Gender & Play - Childhood Influences

Topics: Childhood, Gender, Gender role Pages: 7 (2586 words) Published: January 4, 2009
Childhood is simply the time between infancy and adulthood, the time when we are developing, learning and are dependent on someone to guide us and help us through life. Richard Mills’ (2000, p.8) research shows many views, such as is “childhood a state of powerlessness and adaptation to a lack of power (as Waksler maintains, 1991:69)?” “...Or dependency (Shipman, 1972: 13)? Can it not simply be regarded as a period of biological, intellectual, and social development; as a time for the ‘accumulation of experience’ (Wadsworth, 1991:13)? Leading to self-definition (19991: 12)?” Or does it have a whole different meaning all together? What does childhood mean to you? Does it have the same meaning to everyone? Does the meaning change as we get older? Is everyone’s childhood the same? Or does it differ according to, gender, culture, class, the country you live in, religion and time? In this assignment I will address some of these issues and issues surrounding them.

There are many interesting themes surrounding childhood; I will be focusing on gender as I believe that your experience of childhood is greatly influenced by this, and gender stereotypes are in result influenced by many external factors, some of these include, media, culture and social conformity. A report done by the American Psychological Association in the Mail (2007) and Telegraph (2007) newspaper reports the strong influences of media on young children and how “The consequence of the sexualisation of girls in media today are very real and are likely to be a negative influence on girls' healthy development”. Media plays a big role in today’s society and the development of not only the mind of children but adults too are influenced, the changes and views are deeply imbedded in the subconscious.

Another big influence on children, are other children, it is reported in the Independent Education (1996, pp.10-11) that girls have a better attitude to learning, when children were questioned about this “boys themselves put it down to their friends' influence”. All human beings want to be accepted by not only their own social groups but by all beings. It is such a strong desire that individuals will suppress their own thoughts on an issue and conform to that of a group. It is not only children that are heavily influenced by peers, though they do hold the fort on the whole issue. This is further supported by Schmalz and Kerstetter study, (2006. P.550) that children although unaware “curb their behaviour” “ fit the social norm of appropriate and inappropriate behaviour based on gender, from lessons learned from media, community, family, and friends, yet they lack the ability to explain or understand why.”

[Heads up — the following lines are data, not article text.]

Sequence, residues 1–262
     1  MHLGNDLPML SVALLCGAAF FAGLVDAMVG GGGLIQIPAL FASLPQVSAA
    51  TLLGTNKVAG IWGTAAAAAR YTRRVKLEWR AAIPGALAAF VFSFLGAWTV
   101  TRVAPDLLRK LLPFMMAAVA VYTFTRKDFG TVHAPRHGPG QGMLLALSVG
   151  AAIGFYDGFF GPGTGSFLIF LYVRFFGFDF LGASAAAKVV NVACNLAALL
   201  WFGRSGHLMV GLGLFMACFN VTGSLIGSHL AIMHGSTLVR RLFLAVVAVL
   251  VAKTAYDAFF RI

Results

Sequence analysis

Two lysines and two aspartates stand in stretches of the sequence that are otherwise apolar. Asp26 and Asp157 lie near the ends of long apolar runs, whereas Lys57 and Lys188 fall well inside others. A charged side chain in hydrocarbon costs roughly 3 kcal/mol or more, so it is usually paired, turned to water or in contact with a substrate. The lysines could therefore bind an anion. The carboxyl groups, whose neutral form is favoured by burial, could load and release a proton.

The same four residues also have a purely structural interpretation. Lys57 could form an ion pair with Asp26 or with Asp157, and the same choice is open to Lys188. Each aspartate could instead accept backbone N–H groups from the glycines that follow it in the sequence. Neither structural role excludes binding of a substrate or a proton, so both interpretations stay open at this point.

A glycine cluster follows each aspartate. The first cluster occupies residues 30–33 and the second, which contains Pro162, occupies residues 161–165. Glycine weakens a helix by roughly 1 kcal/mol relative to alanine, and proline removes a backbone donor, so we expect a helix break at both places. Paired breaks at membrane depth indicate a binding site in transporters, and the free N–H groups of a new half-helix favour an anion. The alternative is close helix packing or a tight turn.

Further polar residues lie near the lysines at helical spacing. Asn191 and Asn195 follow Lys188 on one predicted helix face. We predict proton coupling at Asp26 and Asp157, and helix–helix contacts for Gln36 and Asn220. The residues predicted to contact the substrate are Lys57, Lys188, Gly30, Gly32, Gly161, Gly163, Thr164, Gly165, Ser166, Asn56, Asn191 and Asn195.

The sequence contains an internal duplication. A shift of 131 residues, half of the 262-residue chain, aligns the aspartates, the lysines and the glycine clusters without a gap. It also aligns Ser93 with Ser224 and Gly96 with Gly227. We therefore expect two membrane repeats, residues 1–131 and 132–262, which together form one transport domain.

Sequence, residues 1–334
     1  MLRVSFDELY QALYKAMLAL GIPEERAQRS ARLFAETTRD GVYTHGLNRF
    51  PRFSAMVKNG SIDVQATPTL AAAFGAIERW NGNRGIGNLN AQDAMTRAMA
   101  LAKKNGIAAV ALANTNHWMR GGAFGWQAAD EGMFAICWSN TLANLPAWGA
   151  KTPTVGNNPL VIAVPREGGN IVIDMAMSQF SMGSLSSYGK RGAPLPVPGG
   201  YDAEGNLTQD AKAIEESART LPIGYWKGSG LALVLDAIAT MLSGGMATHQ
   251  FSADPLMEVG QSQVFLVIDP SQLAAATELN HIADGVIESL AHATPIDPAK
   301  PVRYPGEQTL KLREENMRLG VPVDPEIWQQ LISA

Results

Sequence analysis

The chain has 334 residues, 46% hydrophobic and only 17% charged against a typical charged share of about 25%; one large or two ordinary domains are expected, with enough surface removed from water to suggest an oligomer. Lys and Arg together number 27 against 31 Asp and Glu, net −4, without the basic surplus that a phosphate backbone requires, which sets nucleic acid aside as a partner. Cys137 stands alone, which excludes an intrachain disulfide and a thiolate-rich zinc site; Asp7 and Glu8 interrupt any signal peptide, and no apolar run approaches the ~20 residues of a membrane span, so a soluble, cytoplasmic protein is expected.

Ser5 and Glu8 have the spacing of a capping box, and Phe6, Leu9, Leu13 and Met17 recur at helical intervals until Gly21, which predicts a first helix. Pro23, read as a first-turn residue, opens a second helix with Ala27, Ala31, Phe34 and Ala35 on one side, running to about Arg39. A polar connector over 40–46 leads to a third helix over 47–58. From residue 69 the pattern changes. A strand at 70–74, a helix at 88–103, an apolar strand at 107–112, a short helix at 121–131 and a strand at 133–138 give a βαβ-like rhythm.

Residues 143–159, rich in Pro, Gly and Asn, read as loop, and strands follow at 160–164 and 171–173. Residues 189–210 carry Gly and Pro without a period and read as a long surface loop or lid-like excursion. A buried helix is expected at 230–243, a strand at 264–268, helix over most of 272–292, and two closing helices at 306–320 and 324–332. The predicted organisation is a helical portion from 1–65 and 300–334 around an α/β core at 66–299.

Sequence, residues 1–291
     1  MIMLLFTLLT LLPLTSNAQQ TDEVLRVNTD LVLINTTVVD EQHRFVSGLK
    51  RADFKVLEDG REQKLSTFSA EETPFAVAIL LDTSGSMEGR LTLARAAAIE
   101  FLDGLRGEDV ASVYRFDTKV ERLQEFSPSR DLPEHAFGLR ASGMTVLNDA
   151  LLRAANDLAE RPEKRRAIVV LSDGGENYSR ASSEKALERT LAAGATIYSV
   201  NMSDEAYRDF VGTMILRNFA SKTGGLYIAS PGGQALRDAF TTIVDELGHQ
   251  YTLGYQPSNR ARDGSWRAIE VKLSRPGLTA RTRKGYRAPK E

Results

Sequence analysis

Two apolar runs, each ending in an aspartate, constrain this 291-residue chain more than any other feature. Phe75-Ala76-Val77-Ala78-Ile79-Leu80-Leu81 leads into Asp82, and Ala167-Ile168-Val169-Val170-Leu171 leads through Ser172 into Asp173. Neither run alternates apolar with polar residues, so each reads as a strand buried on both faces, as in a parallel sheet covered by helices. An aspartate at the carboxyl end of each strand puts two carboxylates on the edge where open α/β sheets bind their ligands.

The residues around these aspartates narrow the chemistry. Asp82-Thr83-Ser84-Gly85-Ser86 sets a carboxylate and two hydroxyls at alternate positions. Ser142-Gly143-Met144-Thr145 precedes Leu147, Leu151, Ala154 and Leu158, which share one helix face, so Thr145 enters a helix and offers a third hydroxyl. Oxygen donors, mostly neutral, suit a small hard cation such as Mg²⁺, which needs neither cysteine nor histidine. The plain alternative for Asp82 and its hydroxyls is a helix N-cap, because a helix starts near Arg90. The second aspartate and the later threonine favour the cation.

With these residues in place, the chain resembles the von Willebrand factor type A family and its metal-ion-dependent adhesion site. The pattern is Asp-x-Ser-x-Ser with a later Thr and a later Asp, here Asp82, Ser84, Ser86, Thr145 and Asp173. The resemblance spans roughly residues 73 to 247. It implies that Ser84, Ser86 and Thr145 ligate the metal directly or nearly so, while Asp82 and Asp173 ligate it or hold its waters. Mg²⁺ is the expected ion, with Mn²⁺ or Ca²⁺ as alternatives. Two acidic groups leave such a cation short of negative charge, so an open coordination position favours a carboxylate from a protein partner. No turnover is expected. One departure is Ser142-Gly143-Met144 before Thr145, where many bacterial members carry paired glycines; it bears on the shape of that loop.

From a very young age children are treated differently according to their gender; at birth the very first thing everyone wants to know is if the baby is a girl or a boy; do they need to buy a ‘pink’ or ‘blue’ gift? Neill Thew (quoted in Mills, J. & Mills, R 2000. p.134) that in a hospital near his area “babies were tagged” differently “Little boys were given a wrist band reading, ‘I’m a boy’, whereas girls had one proclaiming, ‘It’s a girl’.” Initially one may think what is the difference? It is ‘only’ stating the differences in gender and has no other meaning. However, Thew believes that there is an “implicit idea underlying this – that boys are assumed to have ready access to active social agency and girls are not – is so powerfully encoded in many other areas of gendered life. It is not, in other words, either accidental or unimportant, but rather one minor example of a regularly present form of social engendering.” A baby from moment go is categorized, leaving little room for them to decide what they like or don’t like. Throughout their childhood they see examples of conformity which they ‘must’ follow to fit in, girls should play with dolls and boys should play with cars.

This notion continues throughout history; gender stereotypes have existed...
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